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Shoftim 5768

Parshat Shoftim
(Isaiah 51:12- 52:12)
September 6, 2008
6 Elul 5768

One of the purposes of the prophet\’s words of consolation to the people of Israel was to quell their constant anxiety over the onslaught of their enemies. The prophet reminds them of God\’s constant presence and the ephemeral nature of the threats. More important, though, he reminds the people that they have a mission and that they should not let their anxiety get in the way of their responsibilities. They should remember that God\’s constant presence in their lives is for a purpose: \”For I the Lord your God who stirs up the seas into roaring waves, whose name is Lord of Hosts, have put My words in your mouth and sheltered you with My hand; I who planted the skies and made firm the earth have said to Zion: \’You are My people\’\” (Verses 15-16)

These words, which are here addressed to the entire people, are influenced by the words of the message of the earlier prophet, Jeremiah. In his prophecy similar words are directly to him in particular: \”The Lord put out His hand and touched my mouth, and the Lord said to me: \’Herewith I put My words in your mouth. See I appoint you this day over nations and kingdoms to uproot and to pull down, to destroy and to overthrow, to build and to plant.\’ (Jeremiah 1:9-10)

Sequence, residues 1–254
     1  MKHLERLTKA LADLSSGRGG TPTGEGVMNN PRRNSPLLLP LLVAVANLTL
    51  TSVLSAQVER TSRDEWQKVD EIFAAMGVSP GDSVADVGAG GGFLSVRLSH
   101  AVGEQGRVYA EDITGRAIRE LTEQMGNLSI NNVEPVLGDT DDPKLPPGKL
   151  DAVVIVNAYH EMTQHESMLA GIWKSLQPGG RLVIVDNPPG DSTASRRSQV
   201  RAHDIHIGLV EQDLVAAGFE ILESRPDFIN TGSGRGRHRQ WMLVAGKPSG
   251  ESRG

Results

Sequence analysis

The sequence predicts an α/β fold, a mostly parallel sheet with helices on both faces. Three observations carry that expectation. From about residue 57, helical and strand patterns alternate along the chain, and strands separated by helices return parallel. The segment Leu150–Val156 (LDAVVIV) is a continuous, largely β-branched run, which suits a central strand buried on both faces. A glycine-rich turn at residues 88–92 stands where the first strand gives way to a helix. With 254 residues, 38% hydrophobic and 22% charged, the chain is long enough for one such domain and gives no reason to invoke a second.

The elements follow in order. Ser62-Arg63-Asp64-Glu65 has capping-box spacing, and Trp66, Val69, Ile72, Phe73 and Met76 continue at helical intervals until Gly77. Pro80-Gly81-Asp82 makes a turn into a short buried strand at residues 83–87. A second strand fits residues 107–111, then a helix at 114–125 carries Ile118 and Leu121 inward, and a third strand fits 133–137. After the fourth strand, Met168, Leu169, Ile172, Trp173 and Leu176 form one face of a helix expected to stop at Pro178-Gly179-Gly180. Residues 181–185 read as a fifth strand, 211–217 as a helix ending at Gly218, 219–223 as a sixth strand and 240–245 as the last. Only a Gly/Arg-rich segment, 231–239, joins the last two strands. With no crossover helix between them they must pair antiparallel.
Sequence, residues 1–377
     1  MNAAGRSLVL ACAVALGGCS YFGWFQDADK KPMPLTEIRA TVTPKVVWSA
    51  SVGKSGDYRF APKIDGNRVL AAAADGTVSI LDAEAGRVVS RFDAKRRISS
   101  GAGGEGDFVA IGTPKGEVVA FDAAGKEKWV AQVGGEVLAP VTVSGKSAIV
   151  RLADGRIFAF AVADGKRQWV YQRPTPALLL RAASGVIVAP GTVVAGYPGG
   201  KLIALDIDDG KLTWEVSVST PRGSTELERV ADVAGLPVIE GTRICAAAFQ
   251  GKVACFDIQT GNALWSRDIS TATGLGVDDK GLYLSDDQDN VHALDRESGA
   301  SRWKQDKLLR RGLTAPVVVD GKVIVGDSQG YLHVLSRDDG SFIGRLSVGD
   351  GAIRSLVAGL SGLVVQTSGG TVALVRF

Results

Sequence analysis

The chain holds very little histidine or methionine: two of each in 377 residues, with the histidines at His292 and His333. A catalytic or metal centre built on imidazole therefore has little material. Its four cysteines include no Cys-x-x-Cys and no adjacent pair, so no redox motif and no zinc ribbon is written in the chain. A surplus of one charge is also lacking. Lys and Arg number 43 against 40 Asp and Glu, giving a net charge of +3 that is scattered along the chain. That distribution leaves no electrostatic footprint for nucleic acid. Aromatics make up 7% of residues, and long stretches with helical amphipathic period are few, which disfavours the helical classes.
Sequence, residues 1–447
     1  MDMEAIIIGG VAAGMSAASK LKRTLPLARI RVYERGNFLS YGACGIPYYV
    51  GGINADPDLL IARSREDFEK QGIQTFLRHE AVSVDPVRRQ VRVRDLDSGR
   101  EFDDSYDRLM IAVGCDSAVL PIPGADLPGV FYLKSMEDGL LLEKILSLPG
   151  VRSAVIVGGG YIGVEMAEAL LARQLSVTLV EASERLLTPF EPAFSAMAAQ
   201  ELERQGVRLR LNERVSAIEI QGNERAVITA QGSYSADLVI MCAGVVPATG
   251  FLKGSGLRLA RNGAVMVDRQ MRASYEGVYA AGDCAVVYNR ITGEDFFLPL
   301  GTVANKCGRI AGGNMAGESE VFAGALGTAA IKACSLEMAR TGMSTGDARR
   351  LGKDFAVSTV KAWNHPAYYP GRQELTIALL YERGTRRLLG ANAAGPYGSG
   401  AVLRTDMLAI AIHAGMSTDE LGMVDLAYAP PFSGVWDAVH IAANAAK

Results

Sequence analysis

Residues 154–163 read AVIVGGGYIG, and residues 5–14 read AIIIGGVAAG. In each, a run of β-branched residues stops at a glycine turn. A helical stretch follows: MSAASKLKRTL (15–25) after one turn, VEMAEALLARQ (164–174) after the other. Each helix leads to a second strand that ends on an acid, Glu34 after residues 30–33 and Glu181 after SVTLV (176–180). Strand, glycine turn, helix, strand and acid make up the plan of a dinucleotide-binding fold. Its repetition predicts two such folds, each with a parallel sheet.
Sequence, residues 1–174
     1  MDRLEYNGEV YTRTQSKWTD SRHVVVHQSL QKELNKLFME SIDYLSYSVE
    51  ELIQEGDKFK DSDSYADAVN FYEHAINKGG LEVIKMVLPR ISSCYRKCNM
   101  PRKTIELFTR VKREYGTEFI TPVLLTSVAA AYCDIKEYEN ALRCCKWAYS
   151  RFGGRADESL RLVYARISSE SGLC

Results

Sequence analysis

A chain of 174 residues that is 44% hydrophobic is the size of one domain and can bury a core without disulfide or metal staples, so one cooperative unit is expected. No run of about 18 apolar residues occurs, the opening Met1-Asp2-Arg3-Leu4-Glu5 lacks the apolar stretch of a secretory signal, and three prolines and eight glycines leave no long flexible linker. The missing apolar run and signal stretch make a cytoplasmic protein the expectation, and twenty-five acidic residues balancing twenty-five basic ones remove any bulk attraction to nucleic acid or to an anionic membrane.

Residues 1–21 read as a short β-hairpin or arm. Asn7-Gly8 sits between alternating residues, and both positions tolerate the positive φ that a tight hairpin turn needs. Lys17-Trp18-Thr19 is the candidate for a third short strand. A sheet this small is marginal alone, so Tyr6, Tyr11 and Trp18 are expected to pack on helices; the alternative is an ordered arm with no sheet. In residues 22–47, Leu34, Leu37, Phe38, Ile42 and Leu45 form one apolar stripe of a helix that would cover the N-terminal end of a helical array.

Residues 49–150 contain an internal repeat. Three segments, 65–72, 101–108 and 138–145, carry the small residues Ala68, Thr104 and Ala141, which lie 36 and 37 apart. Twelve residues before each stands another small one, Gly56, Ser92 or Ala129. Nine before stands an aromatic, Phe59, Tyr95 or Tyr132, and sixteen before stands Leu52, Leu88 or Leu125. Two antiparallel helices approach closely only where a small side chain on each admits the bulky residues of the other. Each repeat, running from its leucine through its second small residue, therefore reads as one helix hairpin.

Where Jeremiah was given the role of prophet to the nations in this earlier prophecy, the words of the prophet in the later part of the book of Isaiah are intended for the entire people. The whole of Israel are intended to be prophets to the nations of the world. This message is associated with the creation of the world and intended to be universal in nature. (See Shalom Paul, Isaiah 40-66, Mikra L\’Yisrael, p. 338)

The following midrash may have had this idea in mind when it interpreted the verse from Isaiah with an agenda in mind: \”Rabbi Joshua of Sikhnin in the name of Rabbi Levi: \’I have put My words in your mouth\’ – this refers to Torah. \’And have covered you with the shadow of My hand\’ – this refers to acts of loving kindness. This comes to teach that all who busy themselves with Torah and acts of loving kindness merit taking refuge in the shadow of the Holy One Blessed Be He.\” (Pesikta d\’Rav Kahana 19:6 Mandelbaum ed. p. 309)

The mandate of the Jewish people in the world is to study Torah and to bring God\’s message to the world through His words and our deeds. This mission should be relentlss and fearless. It has been planted in us and should be brought to fruition.

About This Commentary

This study piece is offered as a service of the United Synagogue Conservative Yeshiva. It is prepared by Rabbi Mordechai (Mitchell) Silverstein, senior lecturer in  Talmud and Midrash at the Conservative Yeshiva.  He is a graduate of the Jewish Theological Seminary of America. The United Synagogue Conservative Yeshiva in Jerusalem offers students of all backgrounds the skills for studying Jewish texts. We are a vibrant, open-minded egalitarian community of committed Jews who learn, practise and grow together. Our goal is to provide students the ability and desire to continue Jewish learning and practice throughout their lives. Rashei Yeshiva: Rabbi Joel Levy & Dr. Joshua Kulp. Rabbi Joel Roth, Rosh Yeshiva Emeritus .  Sponsors – The Conservative Yeshiva would like to thank the following for their generous support of the Haftarah Commentary:

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